Over the next couple of days I’ll try to write up a few Foo Camp sessions that I participated in and that particularly resonated. More notepad for myself than anything else, but I’m curious to hear your thoughts.
MIT Media Lab’s Jennifer Jacobs and Sean Follmer invited us to a session about personal fabrication, 3D printing, laser cutting, mass customization, and more generally: making things. What works, what’s (unncessessarily) hard, implications etc.
While I haven’t really done much with the available tools so far, I’ve been following what’s going on pretty closely. In this group, there was a huge amount of experience and in-depth knowledge about techniques, history and visions about the future of personal fabrication.
As Jennifer pointed out, it feels like the field, as vaguely defined as it is, is at a point where there’s a window where the rules of the game are being negotiated, and that window is now. And we don’t know how long it stays open, so let’s not waste time and help build an environment that’s open, inclusive, innovation friendly and allows for a healthy mix of non-commercial and commercial activities.
On one side we see an (in the best sense of the world) amateur DIY culture with knowledge transfer, peer learning and openness at its core. The product may not be perfect, but they are yours and you can change them. On the other side we see a highly controlled, commercialized production chain. Imagine an Apple iPrint 3D product store where you can one-click buy gorgeous, highly functional and completely DRM-crippled printouts of other people’s designs.
Both sides have something going for them, but I’m not going to pretend I equally like them. There’s room (need, even!) for highly professional printing services, just like in 2D printing. You send a file according to certain specs, you receive a small run of printed items shipped to your house a few days later. There should also be room for the tinker-oriented, mostly pre-commercial sphere where the process is the goal. That part is largely about empowerment. And I sure hope that we can find a good balance between the two.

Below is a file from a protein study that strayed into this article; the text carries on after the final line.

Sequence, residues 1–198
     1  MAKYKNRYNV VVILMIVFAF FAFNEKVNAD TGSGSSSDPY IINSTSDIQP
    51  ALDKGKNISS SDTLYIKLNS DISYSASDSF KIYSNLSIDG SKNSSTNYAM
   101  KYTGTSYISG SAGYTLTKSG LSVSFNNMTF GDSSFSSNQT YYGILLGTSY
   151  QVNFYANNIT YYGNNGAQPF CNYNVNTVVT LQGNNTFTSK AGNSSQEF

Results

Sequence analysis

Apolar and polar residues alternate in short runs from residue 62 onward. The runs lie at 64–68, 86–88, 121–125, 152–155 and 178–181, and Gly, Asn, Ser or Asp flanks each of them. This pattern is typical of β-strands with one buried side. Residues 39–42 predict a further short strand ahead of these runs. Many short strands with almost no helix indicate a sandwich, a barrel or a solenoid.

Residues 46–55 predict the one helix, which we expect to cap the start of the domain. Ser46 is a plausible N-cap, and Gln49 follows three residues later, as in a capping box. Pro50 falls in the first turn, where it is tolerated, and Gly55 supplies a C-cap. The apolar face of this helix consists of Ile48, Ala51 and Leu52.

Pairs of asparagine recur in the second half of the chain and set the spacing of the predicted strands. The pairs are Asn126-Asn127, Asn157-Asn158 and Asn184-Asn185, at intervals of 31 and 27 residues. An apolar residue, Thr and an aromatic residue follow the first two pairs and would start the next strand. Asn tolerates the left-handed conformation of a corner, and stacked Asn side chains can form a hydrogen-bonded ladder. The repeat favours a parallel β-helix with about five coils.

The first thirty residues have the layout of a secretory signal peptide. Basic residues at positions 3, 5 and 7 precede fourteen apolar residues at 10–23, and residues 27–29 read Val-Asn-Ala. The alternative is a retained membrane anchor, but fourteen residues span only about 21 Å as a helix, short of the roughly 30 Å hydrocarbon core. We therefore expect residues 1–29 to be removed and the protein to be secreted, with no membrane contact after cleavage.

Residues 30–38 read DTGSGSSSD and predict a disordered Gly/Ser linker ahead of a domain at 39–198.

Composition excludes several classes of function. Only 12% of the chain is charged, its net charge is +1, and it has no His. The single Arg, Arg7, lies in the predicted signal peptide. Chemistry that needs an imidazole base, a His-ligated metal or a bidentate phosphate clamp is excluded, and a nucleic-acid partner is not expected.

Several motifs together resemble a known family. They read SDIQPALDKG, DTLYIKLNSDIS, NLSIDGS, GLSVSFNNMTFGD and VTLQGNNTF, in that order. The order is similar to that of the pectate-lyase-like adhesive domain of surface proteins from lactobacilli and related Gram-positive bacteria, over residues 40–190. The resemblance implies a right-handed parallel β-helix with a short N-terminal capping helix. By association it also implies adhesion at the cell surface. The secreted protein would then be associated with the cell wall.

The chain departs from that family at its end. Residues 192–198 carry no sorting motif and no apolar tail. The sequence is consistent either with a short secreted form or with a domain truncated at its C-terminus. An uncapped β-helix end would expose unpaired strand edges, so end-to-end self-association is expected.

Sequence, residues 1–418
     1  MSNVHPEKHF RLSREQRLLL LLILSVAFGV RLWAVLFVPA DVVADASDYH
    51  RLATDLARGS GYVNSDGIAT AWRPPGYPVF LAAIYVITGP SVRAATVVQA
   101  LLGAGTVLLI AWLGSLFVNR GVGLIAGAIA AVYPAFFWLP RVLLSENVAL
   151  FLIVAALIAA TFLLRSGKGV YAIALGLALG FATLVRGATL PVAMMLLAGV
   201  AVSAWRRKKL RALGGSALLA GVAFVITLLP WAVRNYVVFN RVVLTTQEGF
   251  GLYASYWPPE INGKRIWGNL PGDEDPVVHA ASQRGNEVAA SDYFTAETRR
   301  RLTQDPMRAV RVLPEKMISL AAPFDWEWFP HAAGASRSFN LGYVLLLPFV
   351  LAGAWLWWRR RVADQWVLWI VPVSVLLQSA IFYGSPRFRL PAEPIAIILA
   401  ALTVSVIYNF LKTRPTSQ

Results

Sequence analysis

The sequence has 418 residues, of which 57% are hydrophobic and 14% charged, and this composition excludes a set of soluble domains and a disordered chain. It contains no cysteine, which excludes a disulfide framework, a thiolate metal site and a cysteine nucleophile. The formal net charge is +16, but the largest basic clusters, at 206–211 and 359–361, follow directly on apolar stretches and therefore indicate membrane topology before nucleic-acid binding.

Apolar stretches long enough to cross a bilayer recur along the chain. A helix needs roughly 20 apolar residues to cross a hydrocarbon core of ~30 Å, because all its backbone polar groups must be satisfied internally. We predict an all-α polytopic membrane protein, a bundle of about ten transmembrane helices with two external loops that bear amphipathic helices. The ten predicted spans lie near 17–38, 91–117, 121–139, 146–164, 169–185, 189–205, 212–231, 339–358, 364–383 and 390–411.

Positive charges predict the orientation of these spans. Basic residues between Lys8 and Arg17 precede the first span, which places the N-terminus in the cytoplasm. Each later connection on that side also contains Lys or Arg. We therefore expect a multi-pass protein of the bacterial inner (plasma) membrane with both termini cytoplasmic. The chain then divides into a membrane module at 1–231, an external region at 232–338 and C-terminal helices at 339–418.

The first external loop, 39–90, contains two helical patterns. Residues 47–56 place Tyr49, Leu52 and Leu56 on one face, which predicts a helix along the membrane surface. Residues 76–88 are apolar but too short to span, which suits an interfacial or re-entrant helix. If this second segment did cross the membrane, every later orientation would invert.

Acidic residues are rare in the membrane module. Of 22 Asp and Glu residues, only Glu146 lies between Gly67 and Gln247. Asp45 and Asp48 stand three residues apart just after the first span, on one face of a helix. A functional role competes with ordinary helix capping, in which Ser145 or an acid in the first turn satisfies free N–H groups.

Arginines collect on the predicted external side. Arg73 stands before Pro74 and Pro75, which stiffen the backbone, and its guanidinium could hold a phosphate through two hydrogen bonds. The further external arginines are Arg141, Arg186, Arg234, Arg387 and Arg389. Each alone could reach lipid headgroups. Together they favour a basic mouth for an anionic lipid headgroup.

One problem to be solved on the way there is big one: How to narrow the huge gap between the first steps of a newbie (download a file, print it) and actually edit or create an object (needs coding skills etc etc). That gap is still huge today. In my view it’s not very different from web making in the early days, where commenting on a website was super easy, but building a website was tremendously intimidating for most. By now, a whole slew of services and initiatives like Codecademy and Hackasaurus have emerged that help move beginners along and up the ladder to web maker. That took time. I hope similar groups and mechanisms will emerge around the maker scene, only slightly faster. I’m confident that they will.
Another problem to solve is much more concrete: File formats. There’s still a plethora of file formats and a distinct lack of interoperability. In other words: file format hell. Exchange formats are super important. Again, this can be done, and I expect it will emerge sooner rather than later.
Let’s go build a future where we can all tinker freely rather than just download a glossy piece of Apple-produced plastic. This starts with teaching kids how to make things.